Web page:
A new white paper announced this week has paved the future for the higher education sector, including a higher quality of teaching coupled with increased fees and increased competition. The white paper, entitled “Success as a Knowledge Economy; Teaching Excellence, Social Mobility & Student Choice”, is focussing on creating more choice and equality for all to be able to access higher education and close the skills gap currently existing in some sectors.
Under the plans, from Autumn 2017 universities will be able to increase their tuition fees to above £9,000 in line with inflation, but only if they can prove they offer high quality teaching. This quality of teaching will be based on inspections, using criteria including the amount of time students spend in lectures, the jobs they enter once they graduate and their average earnings from those roles. Once the reviews of universities is undertaken, the government will then announce which universities can increase their fees, and which ones may be forced to reduce their fees if they perform badly. It’s proposed that a new organisation will be introduced over the next four years to regulate the teaching quality; the Teaching Excellence Framework.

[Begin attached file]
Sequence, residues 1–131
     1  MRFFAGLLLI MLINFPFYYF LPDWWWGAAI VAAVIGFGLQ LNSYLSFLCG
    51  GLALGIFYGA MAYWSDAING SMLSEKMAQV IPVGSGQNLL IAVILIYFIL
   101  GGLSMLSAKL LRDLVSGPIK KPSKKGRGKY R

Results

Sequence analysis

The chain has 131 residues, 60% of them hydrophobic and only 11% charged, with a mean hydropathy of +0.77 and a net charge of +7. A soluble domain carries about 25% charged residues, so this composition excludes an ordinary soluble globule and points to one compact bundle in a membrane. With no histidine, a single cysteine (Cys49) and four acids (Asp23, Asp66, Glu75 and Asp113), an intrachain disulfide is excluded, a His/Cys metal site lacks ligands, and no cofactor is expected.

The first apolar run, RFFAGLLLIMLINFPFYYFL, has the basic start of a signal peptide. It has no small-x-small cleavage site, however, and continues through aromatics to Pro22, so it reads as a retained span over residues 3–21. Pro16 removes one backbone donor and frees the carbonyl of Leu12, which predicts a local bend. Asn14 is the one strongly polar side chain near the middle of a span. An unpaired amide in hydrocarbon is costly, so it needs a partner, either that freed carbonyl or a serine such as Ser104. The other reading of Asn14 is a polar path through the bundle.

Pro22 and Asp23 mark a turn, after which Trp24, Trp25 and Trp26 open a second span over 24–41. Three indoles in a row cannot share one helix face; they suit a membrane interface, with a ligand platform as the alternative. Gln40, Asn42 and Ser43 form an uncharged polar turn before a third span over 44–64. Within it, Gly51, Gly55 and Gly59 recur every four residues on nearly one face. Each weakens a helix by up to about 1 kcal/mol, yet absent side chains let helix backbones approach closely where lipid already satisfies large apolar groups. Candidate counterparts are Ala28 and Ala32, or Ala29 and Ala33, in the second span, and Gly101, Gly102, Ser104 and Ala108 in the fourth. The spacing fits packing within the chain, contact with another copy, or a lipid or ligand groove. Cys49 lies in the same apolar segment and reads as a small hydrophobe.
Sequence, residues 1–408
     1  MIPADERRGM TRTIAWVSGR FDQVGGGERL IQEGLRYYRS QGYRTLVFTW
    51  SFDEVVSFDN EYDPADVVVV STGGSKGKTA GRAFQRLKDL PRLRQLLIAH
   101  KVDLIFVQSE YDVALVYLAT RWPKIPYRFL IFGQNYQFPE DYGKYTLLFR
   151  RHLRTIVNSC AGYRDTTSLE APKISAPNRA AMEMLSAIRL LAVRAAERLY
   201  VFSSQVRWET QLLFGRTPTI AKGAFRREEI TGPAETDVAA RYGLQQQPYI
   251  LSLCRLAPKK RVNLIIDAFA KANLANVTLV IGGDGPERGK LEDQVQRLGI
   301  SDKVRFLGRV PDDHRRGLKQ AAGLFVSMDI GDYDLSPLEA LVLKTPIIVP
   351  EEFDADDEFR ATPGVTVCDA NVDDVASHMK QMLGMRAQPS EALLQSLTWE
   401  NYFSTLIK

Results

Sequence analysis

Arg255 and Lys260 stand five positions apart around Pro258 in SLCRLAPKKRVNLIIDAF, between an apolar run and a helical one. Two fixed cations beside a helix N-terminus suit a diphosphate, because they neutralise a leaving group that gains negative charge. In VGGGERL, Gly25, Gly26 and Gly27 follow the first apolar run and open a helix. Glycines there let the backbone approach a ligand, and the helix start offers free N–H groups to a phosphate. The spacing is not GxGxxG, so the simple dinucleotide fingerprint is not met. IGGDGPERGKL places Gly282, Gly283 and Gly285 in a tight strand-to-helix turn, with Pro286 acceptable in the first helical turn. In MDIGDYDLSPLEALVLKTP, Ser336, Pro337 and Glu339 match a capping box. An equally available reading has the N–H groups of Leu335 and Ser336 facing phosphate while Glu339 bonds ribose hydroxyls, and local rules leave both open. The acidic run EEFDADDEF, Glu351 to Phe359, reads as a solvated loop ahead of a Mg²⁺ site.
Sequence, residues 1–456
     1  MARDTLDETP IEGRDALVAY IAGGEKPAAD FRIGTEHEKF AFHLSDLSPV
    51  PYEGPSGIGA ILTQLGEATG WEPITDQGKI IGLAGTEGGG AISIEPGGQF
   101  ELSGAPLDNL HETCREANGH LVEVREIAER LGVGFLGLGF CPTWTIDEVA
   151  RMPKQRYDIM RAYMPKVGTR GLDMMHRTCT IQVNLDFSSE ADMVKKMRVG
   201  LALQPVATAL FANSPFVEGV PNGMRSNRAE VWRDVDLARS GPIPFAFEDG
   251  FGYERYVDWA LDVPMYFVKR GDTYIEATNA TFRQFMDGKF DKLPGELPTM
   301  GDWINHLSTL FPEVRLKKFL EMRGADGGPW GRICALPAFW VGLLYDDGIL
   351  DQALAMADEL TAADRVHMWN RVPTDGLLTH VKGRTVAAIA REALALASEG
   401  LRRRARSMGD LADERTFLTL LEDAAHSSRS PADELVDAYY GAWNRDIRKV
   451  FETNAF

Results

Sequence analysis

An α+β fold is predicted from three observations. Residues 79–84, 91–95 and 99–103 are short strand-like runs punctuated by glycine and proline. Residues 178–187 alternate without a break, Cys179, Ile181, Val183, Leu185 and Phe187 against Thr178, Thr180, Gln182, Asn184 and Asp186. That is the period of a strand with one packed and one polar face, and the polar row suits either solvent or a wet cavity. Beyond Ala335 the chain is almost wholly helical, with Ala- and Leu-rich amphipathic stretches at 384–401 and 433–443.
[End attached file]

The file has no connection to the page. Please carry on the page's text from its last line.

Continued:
Understandably, some students will be concerned about the rise in tuition fees when the feeling currently amongst some students is that the £9,000 fees are not justified. With this in mind, the BIS will establish a new market regulator, the Office for Students (OfS), which will be a consumer focused market regulator to ensure students are receiving the high quality education they are paying for. The group will have the powers to regulate all registered higher education providers. In order to monitor the success of the competition and choice for students, universities will have to become more transparent when it comes to the range of students they recruit, including ethnicity, gender and family income, focussing on recruiting from a wider range of social backgrounds.
The report also aims to encourage more new and innovative providers into the higher education system. Called “challenger institutions” these private organisations will be able to award degrees if they meet national standards and will be able to gain university status. This means there will be more choice for people of all backgrounds to access higher education. These plans are also drawing criticisms, as well as calls to ensure strict regulations are in force so that students get the education they pay for. There is a fear that if the institution is not a long lasting one, any qualifications students receive there will not be deemed out of date or unacceptable in the longer term.
Degree apprenticeships are also praised in the report with an emphasis that more work is needed to embed them into university structures. The success of degree apprenticeships will depend on employers and universities working together.
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